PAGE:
THE MAGIC OF THEATRE: ‘Sister Act’ has the whole shebang down pat, from acting to set design

Jan 10 • ARTSY SMARTSY, FEATURE MAIN, TheaterNo Comments on THE MAGIC OF THEATRE: ‘Sister Act’ has the whole shebang down pat, from acting to set design

Cape Fear Theatre Arts raises the curtain on a new year of theatre in Wilmington with a stunning production of “Sister Act the Musical,” directed by Justin Smith with musical direction by Chiaki Ito. The stage musical adapts the well-known Whoopi Goldberg film with a catchy score by Alan Menken of “Little Shop of Horrors” and “Little Mermaid” fame, coupled with Glenn Slater’s witty lyrics.   

HIGH PRAISE: Barbra Mootoo (center) and her gang of nuns slay in 'Sister Act.' Photo by EJM Photography

HIGH PRAISE: Barbra Mootoo (center) and her gang of nuns slay in ‘Sister Act.’ Photo by EJM Photography

Barbra Mootoo stars as Delores Van Cartier, an aspiring singer with the deck stacked against her. From the moment the stage lights come up and her magnificent voice rings out, she connects with the audience and energizes the entire building. “Take Me To Heaven” sets the tone—with backup singers, Michelle (LaRaisha Burnette) and Tina (Anna Gamel)—about her abusive gangster lover, Curtis Shank (Jerrial Young) and his henchmen TJ (Khawon Porter), Pablo (Anthony Cataldo) and Joey (Sam Robison). Curtis has promised Delores can sing at his club, and he will launch her on the road to stardom. Where Tina and Michelle are pretty insightful, Curtis’ gang is so humorously inept, the audience has to wonder how he can possibly be the underworld kingpin that makes the Philadelphia PD quake in their boots. Picture the Keystone cops but as would-be gangsters and lounge lizards. Their laughable plan for seduction, as outlined in “Lady in the Long Black Dress,” is equal parts bad singles ad, deluded Penthouse letters and great performances.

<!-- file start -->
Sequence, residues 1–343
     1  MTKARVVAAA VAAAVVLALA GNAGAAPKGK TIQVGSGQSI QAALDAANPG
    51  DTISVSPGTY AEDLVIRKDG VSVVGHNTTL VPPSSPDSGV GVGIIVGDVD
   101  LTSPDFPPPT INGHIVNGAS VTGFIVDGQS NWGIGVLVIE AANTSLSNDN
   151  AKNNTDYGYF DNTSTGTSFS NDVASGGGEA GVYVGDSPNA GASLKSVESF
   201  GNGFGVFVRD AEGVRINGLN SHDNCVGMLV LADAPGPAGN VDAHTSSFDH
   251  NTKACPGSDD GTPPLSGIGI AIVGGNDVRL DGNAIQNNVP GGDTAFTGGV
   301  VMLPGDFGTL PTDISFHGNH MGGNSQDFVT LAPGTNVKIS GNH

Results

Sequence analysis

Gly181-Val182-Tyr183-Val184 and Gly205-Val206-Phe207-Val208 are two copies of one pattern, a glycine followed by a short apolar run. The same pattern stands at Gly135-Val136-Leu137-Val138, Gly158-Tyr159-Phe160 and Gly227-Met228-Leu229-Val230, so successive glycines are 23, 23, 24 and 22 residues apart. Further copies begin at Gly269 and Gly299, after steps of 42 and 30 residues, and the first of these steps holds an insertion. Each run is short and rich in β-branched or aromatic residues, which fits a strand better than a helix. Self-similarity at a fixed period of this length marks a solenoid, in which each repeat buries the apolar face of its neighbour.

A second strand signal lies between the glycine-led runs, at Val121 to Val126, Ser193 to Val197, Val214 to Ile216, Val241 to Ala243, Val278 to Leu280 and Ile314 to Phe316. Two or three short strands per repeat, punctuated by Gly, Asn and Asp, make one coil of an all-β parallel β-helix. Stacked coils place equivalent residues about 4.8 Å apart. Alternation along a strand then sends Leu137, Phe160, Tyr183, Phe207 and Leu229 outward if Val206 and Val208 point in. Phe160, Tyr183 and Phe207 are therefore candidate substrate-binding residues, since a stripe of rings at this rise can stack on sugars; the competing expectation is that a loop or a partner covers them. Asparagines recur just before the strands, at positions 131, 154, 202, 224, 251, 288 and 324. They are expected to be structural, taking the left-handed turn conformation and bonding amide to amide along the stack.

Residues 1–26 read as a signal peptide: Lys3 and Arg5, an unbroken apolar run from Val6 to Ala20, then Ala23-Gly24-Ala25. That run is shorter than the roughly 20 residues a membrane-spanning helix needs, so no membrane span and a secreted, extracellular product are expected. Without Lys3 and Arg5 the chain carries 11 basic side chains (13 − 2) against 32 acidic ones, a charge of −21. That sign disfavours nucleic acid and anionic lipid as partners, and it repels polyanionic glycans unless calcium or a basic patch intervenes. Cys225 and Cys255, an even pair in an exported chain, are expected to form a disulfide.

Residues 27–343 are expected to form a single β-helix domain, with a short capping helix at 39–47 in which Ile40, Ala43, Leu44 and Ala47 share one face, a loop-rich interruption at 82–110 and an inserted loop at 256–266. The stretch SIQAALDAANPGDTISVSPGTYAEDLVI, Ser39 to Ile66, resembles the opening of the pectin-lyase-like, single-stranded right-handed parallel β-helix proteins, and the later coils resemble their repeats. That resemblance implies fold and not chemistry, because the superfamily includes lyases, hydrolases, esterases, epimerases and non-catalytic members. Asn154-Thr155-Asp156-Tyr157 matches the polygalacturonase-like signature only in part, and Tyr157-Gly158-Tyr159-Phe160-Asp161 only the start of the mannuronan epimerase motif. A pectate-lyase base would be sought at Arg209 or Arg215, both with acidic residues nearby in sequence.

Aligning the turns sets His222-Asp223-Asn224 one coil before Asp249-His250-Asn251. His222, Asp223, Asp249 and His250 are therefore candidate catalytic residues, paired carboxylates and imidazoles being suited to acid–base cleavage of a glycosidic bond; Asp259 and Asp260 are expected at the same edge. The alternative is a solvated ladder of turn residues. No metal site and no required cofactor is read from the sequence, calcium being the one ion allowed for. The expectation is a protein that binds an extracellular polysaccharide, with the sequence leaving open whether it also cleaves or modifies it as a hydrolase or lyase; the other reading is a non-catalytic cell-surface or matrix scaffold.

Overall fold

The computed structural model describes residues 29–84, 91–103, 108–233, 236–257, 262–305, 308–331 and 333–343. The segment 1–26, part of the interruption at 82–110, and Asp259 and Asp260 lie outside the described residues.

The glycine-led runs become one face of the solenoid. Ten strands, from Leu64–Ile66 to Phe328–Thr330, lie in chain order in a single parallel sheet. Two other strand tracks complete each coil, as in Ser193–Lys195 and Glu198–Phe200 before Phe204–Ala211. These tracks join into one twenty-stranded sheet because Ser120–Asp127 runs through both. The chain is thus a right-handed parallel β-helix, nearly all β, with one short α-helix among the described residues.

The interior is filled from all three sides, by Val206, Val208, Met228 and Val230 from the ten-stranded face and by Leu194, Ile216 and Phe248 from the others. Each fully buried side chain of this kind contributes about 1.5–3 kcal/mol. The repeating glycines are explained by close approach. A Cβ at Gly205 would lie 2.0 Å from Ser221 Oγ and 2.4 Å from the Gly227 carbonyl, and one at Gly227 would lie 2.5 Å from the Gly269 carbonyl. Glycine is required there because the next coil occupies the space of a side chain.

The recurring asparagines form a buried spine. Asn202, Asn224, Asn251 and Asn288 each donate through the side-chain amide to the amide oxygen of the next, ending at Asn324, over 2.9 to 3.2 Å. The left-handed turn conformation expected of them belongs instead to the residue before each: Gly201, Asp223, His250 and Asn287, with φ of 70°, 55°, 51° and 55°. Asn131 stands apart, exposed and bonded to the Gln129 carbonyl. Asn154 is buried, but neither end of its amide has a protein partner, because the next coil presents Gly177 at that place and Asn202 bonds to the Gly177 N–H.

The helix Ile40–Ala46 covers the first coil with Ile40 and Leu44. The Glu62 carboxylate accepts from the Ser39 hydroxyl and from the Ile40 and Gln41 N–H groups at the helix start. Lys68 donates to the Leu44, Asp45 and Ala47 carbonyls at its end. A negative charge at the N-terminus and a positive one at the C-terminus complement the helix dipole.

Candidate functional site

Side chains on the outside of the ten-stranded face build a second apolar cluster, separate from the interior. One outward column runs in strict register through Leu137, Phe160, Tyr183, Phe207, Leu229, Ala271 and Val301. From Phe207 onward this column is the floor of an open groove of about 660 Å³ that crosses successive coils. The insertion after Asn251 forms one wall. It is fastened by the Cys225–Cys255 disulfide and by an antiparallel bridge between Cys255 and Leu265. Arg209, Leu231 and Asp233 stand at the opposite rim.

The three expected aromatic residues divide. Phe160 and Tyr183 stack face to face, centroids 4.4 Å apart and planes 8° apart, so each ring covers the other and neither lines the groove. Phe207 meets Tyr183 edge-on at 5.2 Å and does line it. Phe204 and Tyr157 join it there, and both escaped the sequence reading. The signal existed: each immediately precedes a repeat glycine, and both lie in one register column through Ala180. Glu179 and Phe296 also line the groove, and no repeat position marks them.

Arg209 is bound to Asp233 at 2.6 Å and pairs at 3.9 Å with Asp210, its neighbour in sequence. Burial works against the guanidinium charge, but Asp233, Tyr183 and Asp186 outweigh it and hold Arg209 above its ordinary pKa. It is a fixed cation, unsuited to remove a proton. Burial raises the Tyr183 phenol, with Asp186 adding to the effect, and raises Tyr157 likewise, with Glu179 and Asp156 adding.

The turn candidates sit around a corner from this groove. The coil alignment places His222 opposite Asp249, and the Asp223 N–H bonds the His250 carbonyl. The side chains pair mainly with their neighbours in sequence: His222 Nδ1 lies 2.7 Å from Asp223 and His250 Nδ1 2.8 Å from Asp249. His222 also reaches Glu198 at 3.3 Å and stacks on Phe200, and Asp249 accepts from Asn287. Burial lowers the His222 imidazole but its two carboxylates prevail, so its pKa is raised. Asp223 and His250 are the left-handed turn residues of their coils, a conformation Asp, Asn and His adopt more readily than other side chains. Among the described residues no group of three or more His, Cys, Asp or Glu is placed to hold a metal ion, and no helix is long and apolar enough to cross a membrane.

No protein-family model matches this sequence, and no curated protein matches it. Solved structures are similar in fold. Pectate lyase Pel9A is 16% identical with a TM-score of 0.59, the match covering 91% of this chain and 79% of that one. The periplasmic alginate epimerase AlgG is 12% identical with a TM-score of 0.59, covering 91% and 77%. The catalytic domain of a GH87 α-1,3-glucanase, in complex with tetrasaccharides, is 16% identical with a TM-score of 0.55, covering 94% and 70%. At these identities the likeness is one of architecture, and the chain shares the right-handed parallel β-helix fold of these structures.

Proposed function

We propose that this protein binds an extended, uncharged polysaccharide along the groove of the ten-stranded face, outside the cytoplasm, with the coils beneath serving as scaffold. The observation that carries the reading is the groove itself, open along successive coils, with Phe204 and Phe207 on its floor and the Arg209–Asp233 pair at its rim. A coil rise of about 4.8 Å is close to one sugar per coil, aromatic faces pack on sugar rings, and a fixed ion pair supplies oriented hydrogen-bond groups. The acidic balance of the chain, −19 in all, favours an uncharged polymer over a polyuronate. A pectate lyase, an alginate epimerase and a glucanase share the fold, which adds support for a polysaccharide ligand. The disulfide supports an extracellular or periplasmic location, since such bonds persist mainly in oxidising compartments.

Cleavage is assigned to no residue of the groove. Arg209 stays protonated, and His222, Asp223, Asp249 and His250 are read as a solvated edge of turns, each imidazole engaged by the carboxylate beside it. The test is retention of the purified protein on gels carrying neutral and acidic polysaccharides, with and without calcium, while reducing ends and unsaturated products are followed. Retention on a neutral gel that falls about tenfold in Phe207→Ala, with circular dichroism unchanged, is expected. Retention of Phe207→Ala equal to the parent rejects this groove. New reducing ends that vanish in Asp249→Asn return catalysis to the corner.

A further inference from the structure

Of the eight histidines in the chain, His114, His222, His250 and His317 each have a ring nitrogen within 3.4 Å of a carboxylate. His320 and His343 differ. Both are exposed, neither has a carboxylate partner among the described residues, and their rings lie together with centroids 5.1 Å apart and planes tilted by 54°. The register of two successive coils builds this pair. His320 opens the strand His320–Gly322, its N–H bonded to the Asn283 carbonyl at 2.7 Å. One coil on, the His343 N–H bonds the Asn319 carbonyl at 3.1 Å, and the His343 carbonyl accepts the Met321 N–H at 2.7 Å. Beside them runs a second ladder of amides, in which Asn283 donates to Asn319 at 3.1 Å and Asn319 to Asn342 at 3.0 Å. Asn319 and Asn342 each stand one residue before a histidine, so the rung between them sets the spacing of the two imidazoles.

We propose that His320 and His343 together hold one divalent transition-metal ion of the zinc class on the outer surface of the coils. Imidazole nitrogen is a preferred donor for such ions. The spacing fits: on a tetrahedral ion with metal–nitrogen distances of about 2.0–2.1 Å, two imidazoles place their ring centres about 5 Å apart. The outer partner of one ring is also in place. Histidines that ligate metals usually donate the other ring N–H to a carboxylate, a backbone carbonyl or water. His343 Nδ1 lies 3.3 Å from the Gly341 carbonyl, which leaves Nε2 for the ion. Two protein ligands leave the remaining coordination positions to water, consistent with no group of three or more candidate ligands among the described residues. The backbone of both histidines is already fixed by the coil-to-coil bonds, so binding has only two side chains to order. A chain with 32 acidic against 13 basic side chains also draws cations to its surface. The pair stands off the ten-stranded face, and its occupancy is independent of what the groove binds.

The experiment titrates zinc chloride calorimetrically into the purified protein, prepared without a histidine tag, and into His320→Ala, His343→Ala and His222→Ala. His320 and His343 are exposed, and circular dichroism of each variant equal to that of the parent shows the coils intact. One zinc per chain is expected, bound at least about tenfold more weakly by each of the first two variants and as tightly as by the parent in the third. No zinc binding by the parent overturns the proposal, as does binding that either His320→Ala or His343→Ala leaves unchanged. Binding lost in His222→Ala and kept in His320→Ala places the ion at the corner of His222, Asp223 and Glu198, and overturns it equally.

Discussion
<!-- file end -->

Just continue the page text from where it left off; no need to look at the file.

However, Young is genuinely scary, especially when he sings with his gang “When I Find My Baby,” which blends the choreography and music of Motown with the manifesto of domestic abuse. The dichotomy is striking and underscores much of Delores’ journey in the show.

Delores accidentally witnesses Young execute an informant and as a result finds herself in police protection directed by Officer Eddie (Paul Teal), a long lost friend from high school. “Sweaty Eddie” is the most uncool dork imaginable. But he worshipped Delores in high school and the years have not diminished his admiration for her.

Delores, on the other hand, does not have enough sense of self yet to see past the surface of this goofy, well-meaning cop to the well of strength and decency underneath. Teal is known to Wilmington audiences for a variety roles, including Jackson in “Bloody, Bloody Andrew Jackson,” and Huey in “Memphis” (which also starred Mootoo).  The level of absurd geekiness he brings to this role is incredibly funny, especially in “I Could Be That Guy”—a disco send-up of every loser’s aspiration to popularity, complete with an onstage break-away costume change into Travolta’s “Saturday Night Fever” ensemble, ably assisted by his backup dancers of homeless drunks on skid row. It is musical farce and Teal has to sell to make it work, which he does with incredible conviction and joy.